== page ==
Thank You

Only 8 days to go to raise the money for our crowdfunded compost loo. Still over £1000 to go to hit the target or we get none of the funds that have been pledged so far.

That sounds pretty daunting to me. I’ve been putting out the word to family, friends, friends of friends and possibly even their friends too on facebook and twitter and our blog. I’m starting to feel that maybe I am getting close to resembling tinned meat (spam!).
So, why should you help fund our compost loo project? Let’s think about what we will get out of it:

  • A toilet. Currently our family of four create a fair bit of human waste which we dig regular holes to bury. This is time consuming (we’d love to be doing more productive things on the croft instead), a bit of a grim job (I have to be honest, it is mostly Ady who does the hole digging and loo emptying, but I do always make him a nice cup of coffee and praise him lots for doing it) and with winter on the way will either be a wetter, muddier job (if it rains) or a cold and lonely job (if it doesn’t). A compost loo will mean we can just nip outside to do our business rather than store it in a portapotty or walk down to the village, a mile away.
  • Improved facilities for guests / visitors / volunteers. Until we have decent toilet facilities we are not able to offer camping on the croft, play host to the people we’d love to invite to stay or start getting volunteers to come and stay on the croft and work with us. We spent last year traveling the UK as WWOOF (willing workers on organic farms) volunteers on a scheme where in exchange for food and lodgings you work an agreed number of hours per day for your host. An excellent scheme where everyone wins – except without a toilet we are not able to accept volunteers.
  • A feeling that we are indeed doing something that people support and believe in. It would be fantastic to know that even though our chosen lifestyle is not for everyone there is still a lot of support for a simpler life, a less consumer driven existance and a return to the basics.

What you get:

  • The chance to make all of the above happen – yay you! Feels good to have a magic wand eh?!
  • Rewards – you can choose to come and visit or camp on the croft, you can have a piece of the toilet wall to do what you wish with – post a message, advertise something, do some graffiti, whatever you like,
  • An interesting fact about yourself to talk about at dinner parties, at work tomorrow, to add to your facebook status or tweet about. You can add it to your CV and tell anyone you like about how you helped fund a compost loo for a family of crazies who upped and left the world they knew to go and live in a field on an island!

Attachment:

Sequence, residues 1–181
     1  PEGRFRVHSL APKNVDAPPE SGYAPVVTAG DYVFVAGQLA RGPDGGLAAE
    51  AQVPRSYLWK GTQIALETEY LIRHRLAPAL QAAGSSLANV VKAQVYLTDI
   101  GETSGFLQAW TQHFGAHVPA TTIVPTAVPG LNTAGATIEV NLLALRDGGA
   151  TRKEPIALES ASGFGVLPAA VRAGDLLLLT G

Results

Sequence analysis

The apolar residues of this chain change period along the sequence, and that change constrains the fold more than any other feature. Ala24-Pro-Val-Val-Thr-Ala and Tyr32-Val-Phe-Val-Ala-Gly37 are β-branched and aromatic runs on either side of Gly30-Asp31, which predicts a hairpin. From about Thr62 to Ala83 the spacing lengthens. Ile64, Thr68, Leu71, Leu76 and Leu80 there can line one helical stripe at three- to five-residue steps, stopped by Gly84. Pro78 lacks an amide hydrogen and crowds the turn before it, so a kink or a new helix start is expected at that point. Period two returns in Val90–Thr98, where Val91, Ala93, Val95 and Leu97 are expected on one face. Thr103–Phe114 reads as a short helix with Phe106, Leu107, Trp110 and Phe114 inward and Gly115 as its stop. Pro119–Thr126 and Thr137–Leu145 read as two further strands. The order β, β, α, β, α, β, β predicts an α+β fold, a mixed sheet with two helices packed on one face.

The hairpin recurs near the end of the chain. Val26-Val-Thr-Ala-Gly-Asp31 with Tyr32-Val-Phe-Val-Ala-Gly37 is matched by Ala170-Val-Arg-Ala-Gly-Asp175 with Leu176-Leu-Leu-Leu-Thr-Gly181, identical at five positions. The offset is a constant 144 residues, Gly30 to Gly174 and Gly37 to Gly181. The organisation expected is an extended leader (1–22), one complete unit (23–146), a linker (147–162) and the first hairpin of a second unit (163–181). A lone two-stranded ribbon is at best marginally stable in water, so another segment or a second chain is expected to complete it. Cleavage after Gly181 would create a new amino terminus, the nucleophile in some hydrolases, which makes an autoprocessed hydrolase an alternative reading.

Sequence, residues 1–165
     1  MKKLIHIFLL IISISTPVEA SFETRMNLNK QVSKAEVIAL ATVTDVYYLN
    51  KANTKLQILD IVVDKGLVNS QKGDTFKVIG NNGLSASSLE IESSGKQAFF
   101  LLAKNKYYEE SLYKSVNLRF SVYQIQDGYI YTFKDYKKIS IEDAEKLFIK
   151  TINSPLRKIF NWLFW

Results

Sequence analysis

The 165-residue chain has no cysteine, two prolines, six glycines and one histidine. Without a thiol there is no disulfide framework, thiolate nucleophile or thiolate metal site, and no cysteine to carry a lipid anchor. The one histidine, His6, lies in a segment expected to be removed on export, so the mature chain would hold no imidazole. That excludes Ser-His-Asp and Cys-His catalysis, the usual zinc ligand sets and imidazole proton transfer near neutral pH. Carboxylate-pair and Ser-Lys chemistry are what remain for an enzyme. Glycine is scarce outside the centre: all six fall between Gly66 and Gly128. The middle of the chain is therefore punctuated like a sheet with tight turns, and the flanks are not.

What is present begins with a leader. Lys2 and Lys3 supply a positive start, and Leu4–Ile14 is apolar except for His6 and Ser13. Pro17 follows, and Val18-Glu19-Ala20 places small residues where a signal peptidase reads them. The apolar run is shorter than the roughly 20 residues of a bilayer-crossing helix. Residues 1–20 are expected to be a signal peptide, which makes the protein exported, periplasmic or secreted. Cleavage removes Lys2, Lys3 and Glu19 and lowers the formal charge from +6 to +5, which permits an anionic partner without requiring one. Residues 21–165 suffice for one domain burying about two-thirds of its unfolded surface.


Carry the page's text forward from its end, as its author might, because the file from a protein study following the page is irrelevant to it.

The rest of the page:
I believe that’s what they call win:win!

But you know what, if we don’t do it this time, if we hit the end date for the crowdfunder website next Monday then I still want to say a massive thank you to everyone who has pledged money so far. We launched the crowdfunding idea with reservations as to whether it would work. It felt odd asking people to send money for a loo they’d probably never use themselves. It’s been overwhelming to have the levels of support from family, friends, friends of friends and complete strangers in this project. I’m still believing we could make it happen this time, this way and it’s you out there sharing this on twitter, facebook and blogs aswell as pledging money that gives me that belief. So thankyou 🙂

3 thoughts on “Thank You

  1. I’m reading this well after the event, in the knowledge that you didn’t make your target. Also, I’ve not yet (I’m reading backwards) read your plans for the composting loo. Given that you did raise a fair bit, I was wondering whether it would be possible for you to lower your sights so that if you do this again you stand a better chance of reaching target.
    We have a composting loo at out house in France, and I don’t know what it cost, but I do know that it was significantly less that you were trying to raise – maybe £100, but probably even less. We already had a small shed, so it was a matter of buying a couple of plastic bins, some piping for ventilation and some wood to build the container for the bins. We had kept our old loo seat when we replaced it, so that was effectively free. A couple of days work and it was done. I would imagine that you are looking more along the lines of an indoor loo (and in Scotland who can blame you?) but as the amount you were hoping to raise is quite ambitious, and the arrangement we have would be better than what you have now, might it be worth considering an interim measure?
    Good luck, anyway.
    cj

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